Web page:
Before adding the package to the freezer, label it with today’s date, along with the contents. If the pork is still raw, be sure to mention that on the label as well.

Lean cuts like this will benefit from shorter stints in the freezer. Try to cook the frozen pork tenderloin within 2 to 3 months. Otherwise, it won’t be as moist when it finally comes off the grill.

Can You Season Pork Tenderloin Before Freezing It?

Marinating or seasoning the pork prior to freezing it will save time when you’re ready to start cooking. What’s more, the seasonings will have more time to penetrate, resulting in a finished product that’s bursting with flavor.

A mixture of lime juice, chili powder, garlic powder, beer, and a pinch of cayenne pepper is a good basic marinade for pork tenderloin. Marinate the pork for 2 to 4 hours before wrapping and storing it according to the steps we’ve outlined above.

Don’t leave the pork tenderloin in the marinade mixture for too long. If you marinate lean meats for too long, the acid will break down the protein strands past the point of desirable tenderness, and the cooked meat will be mushy as a result.

Recommended Internal Temperature

In the past, experts recommended cooking all cuts of pork to at least 160 degrees Fahrenheit. Those of us who suffered through a generation of dry pork chops were gratified to learn that those guidelines have changed in the last decade or so.

Thanks to improved sanitation practices, it’s now considered safe to eat pork at just 145 degrees. Although naturally tough and fatty cuts like spare ribs and pork shoulder still need to cook longer, pork tenderloin is more enjoyable when cooked to medium rare.

If you prefer not to eat pork when it’s still pink in the middle, you can leave the tenderloin on the heat until it hits 155 to 160 degrees. Try to catch it before it climbs north of 160, though. Otherwise, the meat will be chalky and dry.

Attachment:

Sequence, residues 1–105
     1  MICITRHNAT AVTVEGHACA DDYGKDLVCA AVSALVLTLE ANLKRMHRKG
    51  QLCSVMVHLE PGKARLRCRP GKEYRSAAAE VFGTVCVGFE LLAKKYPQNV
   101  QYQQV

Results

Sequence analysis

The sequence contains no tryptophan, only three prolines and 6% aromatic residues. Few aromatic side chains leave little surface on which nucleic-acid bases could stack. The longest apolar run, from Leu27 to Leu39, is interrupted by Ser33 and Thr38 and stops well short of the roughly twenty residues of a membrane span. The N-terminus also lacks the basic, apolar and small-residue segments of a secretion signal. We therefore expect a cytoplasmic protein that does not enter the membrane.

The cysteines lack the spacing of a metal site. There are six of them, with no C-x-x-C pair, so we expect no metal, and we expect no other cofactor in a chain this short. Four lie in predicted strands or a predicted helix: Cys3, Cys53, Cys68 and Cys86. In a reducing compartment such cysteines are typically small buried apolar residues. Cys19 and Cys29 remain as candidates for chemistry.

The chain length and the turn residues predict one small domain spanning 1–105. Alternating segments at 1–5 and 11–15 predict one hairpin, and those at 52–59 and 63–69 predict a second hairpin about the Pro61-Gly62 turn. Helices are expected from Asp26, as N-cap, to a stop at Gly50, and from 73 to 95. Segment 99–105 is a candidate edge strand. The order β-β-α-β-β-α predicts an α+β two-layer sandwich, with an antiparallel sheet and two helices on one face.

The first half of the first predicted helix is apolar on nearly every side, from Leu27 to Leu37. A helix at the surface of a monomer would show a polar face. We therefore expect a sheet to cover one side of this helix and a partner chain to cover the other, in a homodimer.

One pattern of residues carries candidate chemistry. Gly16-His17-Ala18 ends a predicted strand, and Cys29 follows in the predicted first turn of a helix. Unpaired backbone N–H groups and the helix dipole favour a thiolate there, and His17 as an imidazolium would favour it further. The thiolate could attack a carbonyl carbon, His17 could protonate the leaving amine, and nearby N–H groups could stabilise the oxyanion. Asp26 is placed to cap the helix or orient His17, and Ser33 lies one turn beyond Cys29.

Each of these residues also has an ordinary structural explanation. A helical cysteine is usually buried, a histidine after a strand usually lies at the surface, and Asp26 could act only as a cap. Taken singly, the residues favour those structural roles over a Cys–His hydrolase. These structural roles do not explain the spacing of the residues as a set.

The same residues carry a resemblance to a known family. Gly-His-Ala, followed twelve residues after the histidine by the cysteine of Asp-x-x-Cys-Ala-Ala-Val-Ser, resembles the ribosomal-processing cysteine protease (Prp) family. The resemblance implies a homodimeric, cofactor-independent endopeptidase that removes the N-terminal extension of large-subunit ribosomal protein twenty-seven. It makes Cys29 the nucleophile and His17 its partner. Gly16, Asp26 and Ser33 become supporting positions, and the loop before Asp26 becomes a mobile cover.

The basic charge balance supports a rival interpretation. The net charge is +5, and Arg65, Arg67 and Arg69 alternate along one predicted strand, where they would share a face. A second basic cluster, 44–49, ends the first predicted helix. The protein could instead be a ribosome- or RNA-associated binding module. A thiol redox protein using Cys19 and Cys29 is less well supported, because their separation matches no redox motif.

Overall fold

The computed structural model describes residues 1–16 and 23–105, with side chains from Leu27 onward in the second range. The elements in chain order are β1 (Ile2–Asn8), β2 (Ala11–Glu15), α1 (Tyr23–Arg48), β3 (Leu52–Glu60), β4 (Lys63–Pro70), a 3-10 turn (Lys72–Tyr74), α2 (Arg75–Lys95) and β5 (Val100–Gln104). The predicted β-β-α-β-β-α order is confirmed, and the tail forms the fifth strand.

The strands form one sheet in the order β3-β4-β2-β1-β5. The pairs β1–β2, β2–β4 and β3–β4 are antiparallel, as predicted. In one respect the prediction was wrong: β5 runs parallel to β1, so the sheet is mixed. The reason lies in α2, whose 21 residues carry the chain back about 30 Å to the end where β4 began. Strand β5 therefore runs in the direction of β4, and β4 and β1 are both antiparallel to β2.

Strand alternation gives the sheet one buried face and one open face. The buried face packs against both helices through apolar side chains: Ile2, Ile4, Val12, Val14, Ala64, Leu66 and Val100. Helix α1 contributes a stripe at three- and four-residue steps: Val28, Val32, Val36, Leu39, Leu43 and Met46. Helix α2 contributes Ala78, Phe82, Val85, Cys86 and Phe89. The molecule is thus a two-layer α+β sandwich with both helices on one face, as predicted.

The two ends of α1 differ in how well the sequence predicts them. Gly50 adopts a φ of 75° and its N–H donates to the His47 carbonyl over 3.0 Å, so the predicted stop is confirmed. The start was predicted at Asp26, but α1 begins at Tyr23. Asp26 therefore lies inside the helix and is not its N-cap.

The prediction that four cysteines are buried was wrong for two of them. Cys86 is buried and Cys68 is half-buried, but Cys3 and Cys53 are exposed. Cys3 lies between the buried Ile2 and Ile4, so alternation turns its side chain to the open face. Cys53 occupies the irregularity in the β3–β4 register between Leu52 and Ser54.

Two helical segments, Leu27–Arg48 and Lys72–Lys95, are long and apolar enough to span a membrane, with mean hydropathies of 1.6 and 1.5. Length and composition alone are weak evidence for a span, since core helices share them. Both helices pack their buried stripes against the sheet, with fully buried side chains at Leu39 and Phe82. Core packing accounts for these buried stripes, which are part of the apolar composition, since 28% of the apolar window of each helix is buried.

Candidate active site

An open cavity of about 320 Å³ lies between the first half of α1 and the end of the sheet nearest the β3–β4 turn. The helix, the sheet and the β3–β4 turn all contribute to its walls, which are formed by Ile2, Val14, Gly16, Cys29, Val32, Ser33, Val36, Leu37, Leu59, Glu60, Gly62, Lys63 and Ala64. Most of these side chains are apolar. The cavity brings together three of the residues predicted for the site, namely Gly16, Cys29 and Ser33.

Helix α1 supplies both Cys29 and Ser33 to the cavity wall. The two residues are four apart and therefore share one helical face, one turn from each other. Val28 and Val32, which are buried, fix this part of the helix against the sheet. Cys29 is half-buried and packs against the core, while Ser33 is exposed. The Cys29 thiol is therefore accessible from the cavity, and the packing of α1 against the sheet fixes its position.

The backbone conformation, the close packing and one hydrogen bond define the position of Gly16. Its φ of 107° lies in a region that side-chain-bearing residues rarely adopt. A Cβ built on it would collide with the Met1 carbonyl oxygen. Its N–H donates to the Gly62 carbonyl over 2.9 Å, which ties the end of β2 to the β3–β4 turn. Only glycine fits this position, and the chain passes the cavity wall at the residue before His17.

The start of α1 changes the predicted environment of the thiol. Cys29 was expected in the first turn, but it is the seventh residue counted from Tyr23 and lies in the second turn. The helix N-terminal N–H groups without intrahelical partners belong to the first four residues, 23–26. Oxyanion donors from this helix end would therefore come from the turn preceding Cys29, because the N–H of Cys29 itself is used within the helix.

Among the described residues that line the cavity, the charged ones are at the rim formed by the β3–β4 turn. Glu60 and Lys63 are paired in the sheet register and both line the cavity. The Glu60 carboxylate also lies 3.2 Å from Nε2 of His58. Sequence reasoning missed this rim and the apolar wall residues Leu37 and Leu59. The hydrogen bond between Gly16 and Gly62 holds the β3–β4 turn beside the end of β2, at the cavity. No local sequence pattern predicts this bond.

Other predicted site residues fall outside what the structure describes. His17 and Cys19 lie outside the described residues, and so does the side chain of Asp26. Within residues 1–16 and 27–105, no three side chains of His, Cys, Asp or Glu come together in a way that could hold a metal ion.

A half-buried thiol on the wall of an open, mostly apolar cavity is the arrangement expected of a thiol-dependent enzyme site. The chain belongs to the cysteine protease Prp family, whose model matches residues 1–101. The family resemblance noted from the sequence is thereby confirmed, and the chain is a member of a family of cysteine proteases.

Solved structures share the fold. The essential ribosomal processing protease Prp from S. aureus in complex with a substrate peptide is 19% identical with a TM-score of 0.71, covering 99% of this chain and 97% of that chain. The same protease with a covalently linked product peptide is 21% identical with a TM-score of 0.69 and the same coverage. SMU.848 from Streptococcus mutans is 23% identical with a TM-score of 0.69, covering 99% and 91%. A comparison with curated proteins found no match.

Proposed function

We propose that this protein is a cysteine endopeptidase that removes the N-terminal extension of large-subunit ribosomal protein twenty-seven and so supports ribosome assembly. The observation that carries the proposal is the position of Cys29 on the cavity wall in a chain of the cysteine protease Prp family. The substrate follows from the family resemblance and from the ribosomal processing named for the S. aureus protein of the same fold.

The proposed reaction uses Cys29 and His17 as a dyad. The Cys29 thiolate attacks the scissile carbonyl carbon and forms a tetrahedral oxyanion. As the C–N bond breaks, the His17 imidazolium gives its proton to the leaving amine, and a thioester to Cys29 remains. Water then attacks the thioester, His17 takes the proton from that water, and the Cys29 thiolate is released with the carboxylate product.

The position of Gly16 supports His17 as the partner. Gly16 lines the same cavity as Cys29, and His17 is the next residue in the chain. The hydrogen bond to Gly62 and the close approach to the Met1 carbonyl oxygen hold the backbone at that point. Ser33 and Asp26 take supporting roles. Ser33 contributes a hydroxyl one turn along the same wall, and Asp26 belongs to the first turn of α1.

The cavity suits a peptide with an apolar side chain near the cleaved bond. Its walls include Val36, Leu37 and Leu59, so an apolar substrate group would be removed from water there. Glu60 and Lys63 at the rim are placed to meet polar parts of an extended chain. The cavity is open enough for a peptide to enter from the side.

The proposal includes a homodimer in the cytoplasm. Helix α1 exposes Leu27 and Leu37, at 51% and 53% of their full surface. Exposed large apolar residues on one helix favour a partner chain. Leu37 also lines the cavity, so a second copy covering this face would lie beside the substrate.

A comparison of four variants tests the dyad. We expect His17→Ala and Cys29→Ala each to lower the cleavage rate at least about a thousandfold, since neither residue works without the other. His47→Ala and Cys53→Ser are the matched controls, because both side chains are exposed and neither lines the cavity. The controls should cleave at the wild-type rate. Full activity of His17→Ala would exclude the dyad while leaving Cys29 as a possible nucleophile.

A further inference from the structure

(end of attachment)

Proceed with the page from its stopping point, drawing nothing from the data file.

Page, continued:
The Danger Zone

Whether you opt to thaw the pork before cooking it or not, it’s imperative not to let it remain at temperatures between 40 and 140 degrees for longer than 2 hours. That’s why you should always keep your refrigerator set to a safe temp below 40 degrees.

The window between 40 and 140 degrees is known as the “danger zone.” At higher and lower temperatures, potential bacterial growth is slowed or halted altogether. Within the danger zone, dangerous bacteria can breed at an alarming pace.

Since the tenderloin cooks through quickly even from a frozen state, you shouldn’t have to worry about this while you’re cooking it. However, if you do decide to thaw the meat, remember not to let it sit out on the counter for too long.

About The Cold Water Method

Thawing meat in the refrigerator is preferable. But if you’re contemplating skipping the thaw altogether, you’re probably in too much of a hurry for that. In this case, a cold water bath is your best bet.

Start with a bowl or any container that’s large enough to hold the wrapped pork tenderloin. Fill the container with cold water. After ensuring that the pork is wrapped tightly enough to prevent water from leaking in, submerge it in the water bath.